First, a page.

Possession and Necessity: from individuals to worlds
Bronwyn Bjorkman, Elizabeth Cowper
February 2016
 

This paper investigates the use of possessive morphosyntax to express modal necessity, as in the English use of have (to). We claim that possessive modality constructions arise because both possession and necessity express a relation of inclusion between two arguments of the same semantic type: possession involves a relation of inclusion between two <e>-type arguments, while necessity involves inclusion between sets of worlds. Differences between the two arise from their different syntax: possessive have expresses possession via syntactic transitivity, while modals conceal one argument within the modal head. The similarities and differences are captured within a realizational approach to morphology, in which vocabulary items like have and must are inserted to spell out structures consisting of formal features. The proposal is then extended from have-possession languages such as English to be-possession languages, focusing on possessive modality in Hindi-Urdu and Bengali. We argue that the possessive/modal head can be ``applicative-like,'' licensing oblique case on an argument that raises to its specifier. This account explains why possessive morphosyntax uniformly is used to express modal necessity, and not other modal meanings: the universal force of elements like have (to) follows from the inclusion relation expressed by possession. Possessive modality thus sheds light not only on the semantics of possession but also on the compositional syntax of modal operators.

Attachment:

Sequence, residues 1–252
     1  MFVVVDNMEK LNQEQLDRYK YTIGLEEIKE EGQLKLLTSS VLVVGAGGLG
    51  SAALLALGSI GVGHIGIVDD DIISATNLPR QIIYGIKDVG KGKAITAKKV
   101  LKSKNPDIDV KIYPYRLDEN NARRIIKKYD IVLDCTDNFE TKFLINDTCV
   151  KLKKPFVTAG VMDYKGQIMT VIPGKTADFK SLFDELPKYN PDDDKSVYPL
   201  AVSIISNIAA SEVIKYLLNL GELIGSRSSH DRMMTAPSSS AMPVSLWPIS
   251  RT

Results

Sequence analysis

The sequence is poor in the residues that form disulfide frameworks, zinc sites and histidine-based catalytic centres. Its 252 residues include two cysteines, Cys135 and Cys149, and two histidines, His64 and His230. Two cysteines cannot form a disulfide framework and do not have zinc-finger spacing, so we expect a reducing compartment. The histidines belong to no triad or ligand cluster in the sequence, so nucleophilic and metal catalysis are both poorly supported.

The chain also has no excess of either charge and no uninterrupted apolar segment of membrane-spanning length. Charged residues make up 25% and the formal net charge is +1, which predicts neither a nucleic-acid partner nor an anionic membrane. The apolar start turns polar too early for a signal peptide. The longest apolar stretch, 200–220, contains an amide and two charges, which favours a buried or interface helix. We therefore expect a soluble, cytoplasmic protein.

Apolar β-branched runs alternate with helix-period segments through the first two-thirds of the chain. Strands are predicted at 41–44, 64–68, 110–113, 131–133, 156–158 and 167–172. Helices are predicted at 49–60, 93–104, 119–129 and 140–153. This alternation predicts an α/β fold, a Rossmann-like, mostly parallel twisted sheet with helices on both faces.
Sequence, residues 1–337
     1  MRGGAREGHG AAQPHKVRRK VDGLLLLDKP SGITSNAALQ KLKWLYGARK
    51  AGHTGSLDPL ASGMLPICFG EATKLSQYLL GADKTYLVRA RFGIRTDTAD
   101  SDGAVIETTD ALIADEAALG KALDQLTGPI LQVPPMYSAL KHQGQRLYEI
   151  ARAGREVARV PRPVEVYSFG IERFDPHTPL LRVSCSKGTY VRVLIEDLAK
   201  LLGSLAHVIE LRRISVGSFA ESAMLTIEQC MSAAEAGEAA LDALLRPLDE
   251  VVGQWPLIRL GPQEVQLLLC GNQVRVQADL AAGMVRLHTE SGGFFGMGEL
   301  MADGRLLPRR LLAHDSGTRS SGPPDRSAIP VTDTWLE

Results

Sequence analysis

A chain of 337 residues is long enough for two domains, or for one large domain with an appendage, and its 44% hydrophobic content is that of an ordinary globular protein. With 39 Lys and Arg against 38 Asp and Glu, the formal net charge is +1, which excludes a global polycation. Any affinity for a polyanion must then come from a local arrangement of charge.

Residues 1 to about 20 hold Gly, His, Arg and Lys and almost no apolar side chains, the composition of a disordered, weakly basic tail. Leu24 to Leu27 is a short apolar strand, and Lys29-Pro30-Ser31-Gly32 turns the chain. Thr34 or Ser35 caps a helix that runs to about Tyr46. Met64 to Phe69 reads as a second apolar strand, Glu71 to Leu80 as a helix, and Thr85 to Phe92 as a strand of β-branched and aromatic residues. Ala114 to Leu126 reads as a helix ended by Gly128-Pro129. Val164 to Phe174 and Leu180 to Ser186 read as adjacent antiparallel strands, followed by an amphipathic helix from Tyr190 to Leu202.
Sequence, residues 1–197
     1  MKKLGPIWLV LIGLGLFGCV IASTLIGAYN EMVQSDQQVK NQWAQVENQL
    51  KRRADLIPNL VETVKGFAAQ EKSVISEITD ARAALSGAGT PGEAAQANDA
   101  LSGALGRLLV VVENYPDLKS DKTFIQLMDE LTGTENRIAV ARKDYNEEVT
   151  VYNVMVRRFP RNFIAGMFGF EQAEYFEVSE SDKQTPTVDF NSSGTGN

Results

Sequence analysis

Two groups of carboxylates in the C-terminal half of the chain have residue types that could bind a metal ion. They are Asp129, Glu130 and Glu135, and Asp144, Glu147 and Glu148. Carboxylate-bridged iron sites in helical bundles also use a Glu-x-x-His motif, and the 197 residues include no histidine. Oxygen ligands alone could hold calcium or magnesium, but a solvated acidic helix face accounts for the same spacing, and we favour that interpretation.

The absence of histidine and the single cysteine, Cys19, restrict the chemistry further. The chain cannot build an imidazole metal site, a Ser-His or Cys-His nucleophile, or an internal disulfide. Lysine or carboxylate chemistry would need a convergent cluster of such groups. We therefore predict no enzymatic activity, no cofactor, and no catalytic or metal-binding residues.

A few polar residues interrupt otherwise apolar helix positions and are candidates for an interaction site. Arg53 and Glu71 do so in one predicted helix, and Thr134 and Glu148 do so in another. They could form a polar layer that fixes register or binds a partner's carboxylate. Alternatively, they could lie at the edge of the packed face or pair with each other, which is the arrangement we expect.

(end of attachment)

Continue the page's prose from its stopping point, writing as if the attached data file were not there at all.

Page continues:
Format: [ pdf ]
Reference: lingbuzz/002552
(please use that when you cite this article)
keywords: syntax, morphosyntax, ergativity, auxiliary selection, aspect, perfect, perfective, case, oblique subjects, syntax
previous versions: v1 [June 2015]
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